In April, the secretary, Ministry of Ayush, sent a letter to all his counterparts in the Central government asking them to prepare a detailed action plan for celebrating International Yoga Day. It appended a list of 21 yoga institutes whose services could be secured for “providing training to trainers” who could, in turn, teach yoga to others during the June 21 events.

There isn’t a line in the secretary’s letter saying whether participation in Yoga Day celebrations is voluntary or mandatory. Yet most bureaucrats feel coercion is designed into it. This is because no less than the prime minister patronises the day. The message consequently transmits down the bureaucratic chain – you can ignore yoga day at your own peril, not only at the Centre, but also in states where the BJP is in power.

Bureaucrats fear their reluctance to participate in the yoga day celebrations will be construed as defiance. It could become a stick to beat them with. So even those who believe it is wrong to drag the bureaucracy into celebrating International Yoga Day will prefer discretion to defiance and choose to organise a yoga programme, at least, perfunctorily.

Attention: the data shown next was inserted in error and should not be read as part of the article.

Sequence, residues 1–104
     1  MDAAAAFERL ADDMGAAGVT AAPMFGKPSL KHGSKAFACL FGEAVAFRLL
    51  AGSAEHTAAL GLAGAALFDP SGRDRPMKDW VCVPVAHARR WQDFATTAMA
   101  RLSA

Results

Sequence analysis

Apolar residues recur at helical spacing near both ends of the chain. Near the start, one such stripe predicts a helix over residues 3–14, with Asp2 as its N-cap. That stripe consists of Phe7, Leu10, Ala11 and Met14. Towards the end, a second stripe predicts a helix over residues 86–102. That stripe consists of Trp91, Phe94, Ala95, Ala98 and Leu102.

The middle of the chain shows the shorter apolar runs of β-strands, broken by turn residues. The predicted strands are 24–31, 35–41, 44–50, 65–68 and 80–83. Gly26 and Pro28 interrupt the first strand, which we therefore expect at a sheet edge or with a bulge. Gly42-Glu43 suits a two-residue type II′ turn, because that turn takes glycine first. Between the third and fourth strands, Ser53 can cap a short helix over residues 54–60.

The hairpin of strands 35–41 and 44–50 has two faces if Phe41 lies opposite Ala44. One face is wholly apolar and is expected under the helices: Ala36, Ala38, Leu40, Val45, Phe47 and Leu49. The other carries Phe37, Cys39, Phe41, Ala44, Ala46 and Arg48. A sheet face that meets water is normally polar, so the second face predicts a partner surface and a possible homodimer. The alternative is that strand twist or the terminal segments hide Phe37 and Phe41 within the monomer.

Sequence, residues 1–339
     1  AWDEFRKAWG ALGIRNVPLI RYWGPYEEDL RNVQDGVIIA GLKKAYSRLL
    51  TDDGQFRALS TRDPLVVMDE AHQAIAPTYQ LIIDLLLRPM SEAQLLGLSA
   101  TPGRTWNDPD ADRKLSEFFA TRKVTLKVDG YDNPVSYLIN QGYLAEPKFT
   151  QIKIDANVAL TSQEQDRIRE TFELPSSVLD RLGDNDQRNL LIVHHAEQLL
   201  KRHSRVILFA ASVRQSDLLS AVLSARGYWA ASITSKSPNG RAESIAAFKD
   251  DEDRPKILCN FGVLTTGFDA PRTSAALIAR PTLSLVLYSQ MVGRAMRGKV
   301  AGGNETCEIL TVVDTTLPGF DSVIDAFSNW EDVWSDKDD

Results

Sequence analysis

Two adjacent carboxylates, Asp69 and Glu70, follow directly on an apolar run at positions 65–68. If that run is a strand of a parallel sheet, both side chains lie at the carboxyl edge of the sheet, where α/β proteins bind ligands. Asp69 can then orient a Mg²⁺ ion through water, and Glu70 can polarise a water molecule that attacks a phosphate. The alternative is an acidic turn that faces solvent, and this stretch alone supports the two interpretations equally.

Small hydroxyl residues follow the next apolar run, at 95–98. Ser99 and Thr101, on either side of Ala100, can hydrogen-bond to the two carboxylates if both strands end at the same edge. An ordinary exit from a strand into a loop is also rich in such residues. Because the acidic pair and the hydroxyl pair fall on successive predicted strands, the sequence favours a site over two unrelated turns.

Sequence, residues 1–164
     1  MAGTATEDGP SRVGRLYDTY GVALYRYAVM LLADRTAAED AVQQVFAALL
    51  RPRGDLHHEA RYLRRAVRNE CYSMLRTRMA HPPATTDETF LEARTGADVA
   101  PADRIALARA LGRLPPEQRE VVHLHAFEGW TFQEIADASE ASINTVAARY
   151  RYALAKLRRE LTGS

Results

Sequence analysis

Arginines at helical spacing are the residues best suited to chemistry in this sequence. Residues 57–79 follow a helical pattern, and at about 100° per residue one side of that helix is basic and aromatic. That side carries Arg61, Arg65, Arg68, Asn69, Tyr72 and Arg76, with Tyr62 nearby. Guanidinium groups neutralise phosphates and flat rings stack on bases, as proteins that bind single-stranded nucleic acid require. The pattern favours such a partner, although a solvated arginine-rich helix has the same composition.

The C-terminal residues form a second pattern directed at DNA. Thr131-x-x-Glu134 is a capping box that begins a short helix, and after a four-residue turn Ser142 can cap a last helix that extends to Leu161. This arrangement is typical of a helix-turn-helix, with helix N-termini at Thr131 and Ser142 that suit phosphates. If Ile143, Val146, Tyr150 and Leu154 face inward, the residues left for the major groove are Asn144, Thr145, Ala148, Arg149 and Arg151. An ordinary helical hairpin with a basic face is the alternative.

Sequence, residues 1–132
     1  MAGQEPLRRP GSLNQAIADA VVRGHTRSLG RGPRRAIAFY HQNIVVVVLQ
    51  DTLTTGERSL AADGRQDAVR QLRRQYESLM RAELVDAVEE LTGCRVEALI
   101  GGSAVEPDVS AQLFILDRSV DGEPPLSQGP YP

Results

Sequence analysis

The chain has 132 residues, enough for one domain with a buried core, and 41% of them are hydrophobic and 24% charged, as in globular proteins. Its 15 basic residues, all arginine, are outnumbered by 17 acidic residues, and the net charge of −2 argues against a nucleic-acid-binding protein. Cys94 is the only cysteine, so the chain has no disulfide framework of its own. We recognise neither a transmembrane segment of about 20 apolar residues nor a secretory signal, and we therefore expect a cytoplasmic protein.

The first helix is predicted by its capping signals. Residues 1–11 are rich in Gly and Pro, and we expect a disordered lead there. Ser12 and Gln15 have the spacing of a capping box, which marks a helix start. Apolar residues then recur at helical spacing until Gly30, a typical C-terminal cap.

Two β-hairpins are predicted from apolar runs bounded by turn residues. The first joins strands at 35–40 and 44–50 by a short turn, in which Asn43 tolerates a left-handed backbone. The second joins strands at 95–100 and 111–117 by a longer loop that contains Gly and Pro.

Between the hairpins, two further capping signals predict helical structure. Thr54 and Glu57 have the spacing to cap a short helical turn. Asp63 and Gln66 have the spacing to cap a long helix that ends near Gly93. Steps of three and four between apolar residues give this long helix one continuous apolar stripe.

Resentment brewing:
But already there is a murmur of protest in Haryana, evident from the response of bureaucrats there to a letter from the director, Ministry of Ayush, Haryana, asking principal secretaries and additional chief secretaries to participate in a two-hour preparatory yoga programme on June 14, under “Brand Ambassador Yogrishi Baba Ram Dev ji”.

Senior bureaucrats went to the press to say they weren’t RSS stooges and were there to serve the “government of India and are not here to forward the agenda of any particular political party.” They also alluded to the coercion implicit in the letter, which said chief minister Manohar Lal Khattar was to be the chief guest at the preparatory programme.

The simmering resentment can be borne from the fact that none of the 15 principal secretaries appeared at the preparatory session on June 14, and only three of 21 additional chief secretaries marked their presence. Do also think of the message inherent in inviting Ramdev to lead the session – not too long ago, he said that if the rule of law not been there he would have beheaded lakhs of people for refusing to chant Bharat Mata ki Jai.

A senior IAS officer I spoke to said it is really the bureaucrat’s propensity to curry favours with his political bosses that inspires the latter to push their ideological agenda. “Participation in International Yoga Day would provide bureaucrats a chance to demonstrate their loyalty to political bosses,” he said. “If you carry a survey of IAS officials, I think 75% would be found to have attended the Rashtriya Swayamsevak Sangh shakhas.”